As an immune suppression mechanism, the expression of PD-L1 is elevated in many types of cancer and is often correlated with poor patient prognosis and predictive of responses to Abs against PD-1/PD-L1. Nevertheless, tumours that do not express detectable levels of PD-L1 on the cell surface can also respond to Abs against PD-1, suggesting that the predictive value of PD-L1 expression may not be uniformly applicable to all types of cancer. On the other hand, this may be associated with unresolved technical and biological issues that preclude an accurate detection of PD-L1 with a standardised criterion for quantitation of PD-L1 expression in clinical samples. Moreover, it is well recognised that there are wide intra- and intertumoural variations in the expression of PD-L1, which indicates that sampling of cancer tissues may also impinge on the outcome of PD-L1 detection. Regardless, there is increasing evidence showing that the expression of PD-L1 in cancer cells is mediated by oncogenic activation of signalling pathways and is also regulated by factors in the tumour microenvironment. In metastatic melanoma, both PD-L1 and tumour infiltrating immune (mononuclear) cells (TIMC) are associated with prognosis. While expression of TIMC without PD-L1 leads to beneficial treatment outcome, expression of both TIMC and PD-L1 has no such advantage, indicating that PD-L1 is negatively associated with prognosis. Under the absence of TIMC, expression of PD-L1 does not affect prognosis. Expression of PD-L1 is associated with poor prognosis in many cancers. For example, in melanoma, PD-L1 could be a marker that defines a subset of melanoma with distinct genetic and morpho-phenotypic features, increased aggressiveness and invasiveness. PD-L1 affects cancer treatment outcomes through various mechanisms. PD-L1 in ovarian cancer cells inhibited CTL function and promoted cancer cell dissemination. PD-L1 may be involved in cell proliferation and progression, which could also be a factor leading to poor prognosis. It has been demonstrated that PD-L1 up-regulation due to decreased miR-200 results in dysfunction of CD8 T-cells, which coupled with epithelial-mesenchymal transition (EMT) to increase metastasis. PD-L1 and EMT can regulate each other to form feed-forward regulation. Expression of PDL1 is associated with drug resistance to anti-cancer therapy such as BRAF inhibitor resistance in metastatic melanoma patients. This could be caused by both PD-L1-induced immune inhibition and PD-L1-promoting cell proliferation.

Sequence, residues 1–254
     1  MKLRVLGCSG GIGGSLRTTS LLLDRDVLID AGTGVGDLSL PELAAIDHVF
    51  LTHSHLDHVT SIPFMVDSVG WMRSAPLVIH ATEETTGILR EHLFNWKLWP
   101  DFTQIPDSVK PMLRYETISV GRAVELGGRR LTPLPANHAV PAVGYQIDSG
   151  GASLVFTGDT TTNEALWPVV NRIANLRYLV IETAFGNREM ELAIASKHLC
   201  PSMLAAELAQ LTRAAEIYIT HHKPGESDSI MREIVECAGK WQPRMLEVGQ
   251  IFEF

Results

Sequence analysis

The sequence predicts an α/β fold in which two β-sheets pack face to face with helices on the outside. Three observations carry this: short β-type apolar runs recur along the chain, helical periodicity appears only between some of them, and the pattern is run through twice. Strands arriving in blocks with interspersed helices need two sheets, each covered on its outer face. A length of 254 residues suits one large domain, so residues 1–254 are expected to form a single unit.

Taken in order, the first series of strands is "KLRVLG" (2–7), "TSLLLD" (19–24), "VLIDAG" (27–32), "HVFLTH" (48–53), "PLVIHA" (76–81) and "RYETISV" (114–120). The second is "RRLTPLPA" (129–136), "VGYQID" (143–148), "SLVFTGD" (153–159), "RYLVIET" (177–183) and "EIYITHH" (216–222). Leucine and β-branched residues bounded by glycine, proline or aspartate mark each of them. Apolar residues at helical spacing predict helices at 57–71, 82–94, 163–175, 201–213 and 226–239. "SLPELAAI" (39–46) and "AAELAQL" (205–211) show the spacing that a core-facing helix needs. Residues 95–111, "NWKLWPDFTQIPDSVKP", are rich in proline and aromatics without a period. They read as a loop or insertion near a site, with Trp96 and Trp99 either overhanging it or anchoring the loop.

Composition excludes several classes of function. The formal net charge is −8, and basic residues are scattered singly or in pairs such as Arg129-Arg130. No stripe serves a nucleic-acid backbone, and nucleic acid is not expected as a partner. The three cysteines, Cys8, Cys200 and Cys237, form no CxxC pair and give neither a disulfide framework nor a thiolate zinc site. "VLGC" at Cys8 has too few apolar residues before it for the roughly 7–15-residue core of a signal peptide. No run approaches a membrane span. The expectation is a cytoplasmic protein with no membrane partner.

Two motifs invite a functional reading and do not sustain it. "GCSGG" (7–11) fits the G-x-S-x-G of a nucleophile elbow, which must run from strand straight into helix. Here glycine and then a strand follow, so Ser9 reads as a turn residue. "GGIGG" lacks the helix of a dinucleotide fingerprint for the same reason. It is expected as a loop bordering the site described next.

Chen J, Jiang C C, Jin L, et al. Regulation of PD-L1: A novel role of pro-survival signalling in cancer[J]. Annals of Oncology, 2015: mdv615.